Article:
Financial planning tools and services to put you on the path to the future you want
Your guide to financial planning and retirement
Connect with peers and experts
Get to know the people behind the company and the mission behind the work
Offer financial wellness to the people at the heart of your business
September 18, 2019
An important study from the Boston College Center for Retirement Research has found that husbands ignore (maybe overlook or under think) their wife’s retirement income needs when making decisions about when to start Social Security benefits. Widows (and widowers) are entitled to switch to Social Security Survivor benefits and receive their spouse’s full benefit amount upon death.
This switch can increase their financial well being and your household’s lifetime wealth.
While most husbands certainly care about their wives, many make decisions about Social Security that negatively impact their spouse in the long run.
There are a few trends, that may or may not apply to you. However, if you are in a typical marriage where the husband earns more than the wife and the husband dies earlier, then you are probably starting Social Security too early for the financial well being of your wife.
According to the research, in most marriages, the husband:
The impact of these trends is often significant to the income needs of the surviving wife.
You see, the surviving spouse has the ability to switch to a higher benefit when widowed. If the lower earner (usually the wife) lives longer, he or she will be entitled to switch from their own benefit and start claiming the deceased’s maximum benefit. So, if you are the higher earner, your benefit amount impacts your lifetime as well as that of your spouse!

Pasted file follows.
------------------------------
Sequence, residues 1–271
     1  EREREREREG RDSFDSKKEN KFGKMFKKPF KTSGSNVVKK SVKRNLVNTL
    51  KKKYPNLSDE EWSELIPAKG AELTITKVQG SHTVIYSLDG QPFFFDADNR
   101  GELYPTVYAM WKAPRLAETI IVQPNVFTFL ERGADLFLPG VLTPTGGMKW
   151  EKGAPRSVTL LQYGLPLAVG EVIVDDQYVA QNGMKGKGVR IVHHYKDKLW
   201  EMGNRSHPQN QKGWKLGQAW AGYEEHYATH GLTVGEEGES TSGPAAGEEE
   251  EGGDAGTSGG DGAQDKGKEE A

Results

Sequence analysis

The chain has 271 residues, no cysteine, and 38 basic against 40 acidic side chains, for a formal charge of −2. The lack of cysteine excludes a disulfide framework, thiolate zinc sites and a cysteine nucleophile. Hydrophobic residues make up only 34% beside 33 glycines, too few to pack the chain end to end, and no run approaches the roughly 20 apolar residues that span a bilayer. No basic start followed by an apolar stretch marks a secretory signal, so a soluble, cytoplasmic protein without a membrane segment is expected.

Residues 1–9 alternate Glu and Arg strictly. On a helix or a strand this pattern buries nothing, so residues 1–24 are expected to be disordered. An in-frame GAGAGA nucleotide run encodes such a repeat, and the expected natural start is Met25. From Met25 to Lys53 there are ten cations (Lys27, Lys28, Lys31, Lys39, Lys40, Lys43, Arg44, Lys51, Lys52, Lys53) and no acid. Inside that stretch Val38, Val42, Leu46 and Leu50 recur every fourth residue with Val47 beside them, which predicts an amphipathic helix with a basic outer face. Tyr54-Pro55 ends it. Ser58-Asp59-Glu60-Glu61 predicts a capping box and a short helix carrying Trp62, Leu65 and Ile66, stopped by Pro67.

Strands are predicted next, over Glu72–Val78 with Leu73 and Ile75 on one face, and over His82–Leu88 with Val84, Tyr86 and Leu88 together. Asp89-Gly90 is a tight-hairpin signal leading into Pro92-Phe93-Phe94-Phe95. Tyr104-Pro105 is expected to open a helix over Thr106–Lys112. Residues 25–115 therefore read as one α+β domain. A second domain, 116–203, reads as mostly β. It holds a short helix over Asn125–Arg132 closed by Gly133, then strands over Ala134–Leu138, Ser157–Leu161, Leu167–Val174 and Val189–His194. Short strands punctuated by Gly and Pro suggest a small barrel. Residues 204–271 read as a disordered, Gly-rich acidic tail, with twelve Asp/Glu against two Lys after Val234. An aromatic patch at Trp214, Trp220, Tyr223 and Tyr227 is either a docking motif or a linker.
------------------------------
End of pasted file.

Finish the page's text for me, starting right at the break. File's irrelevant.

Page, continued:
Get more tips on surviving retirement with your spouse and for using a retirement calculator as a couple…
The average widow’s total income drops 35 – 40 percent when a husband passes away. And, the earlier the husband had started his benefits, the larger the drop in the widow’s income after the couple’s second Social Security check stops coming in.
Research cited in the Boston College study also found that:
And, get this:
It appears that many men do consider how to maximize their benefits over their own lifetimes. However, for whatever reason, they do not consider getting the most out of Social Security for both themselves AND their wife.
DO THIS TO MAXIMIZE YOUR PAYOUT: So, if you want to try to get as much money as possible out of Social Security (again, for you and your wife, not just you), then you probably want to do the following:
When you choose to start the higher earner’s Social Security benefits has major financial implications for a long time into the future — for both you and your spouse.
Maximizing the higher earner’s benefit usually results in the highest total household lifetime payout of Social Security benefits. When calculating your Social Security, you don’t necessarily want to focus on the monthly paycheck. You want to look at the lifetime value of all of those paychecks added up together — for as long as both you AND your wife are expected to live.
The NewRetirement Planner allows you to do this. You can see the lifetime value of Social Security in the PlannerPlus Inspector function. Try different start ages and benefit amounts and compare the results!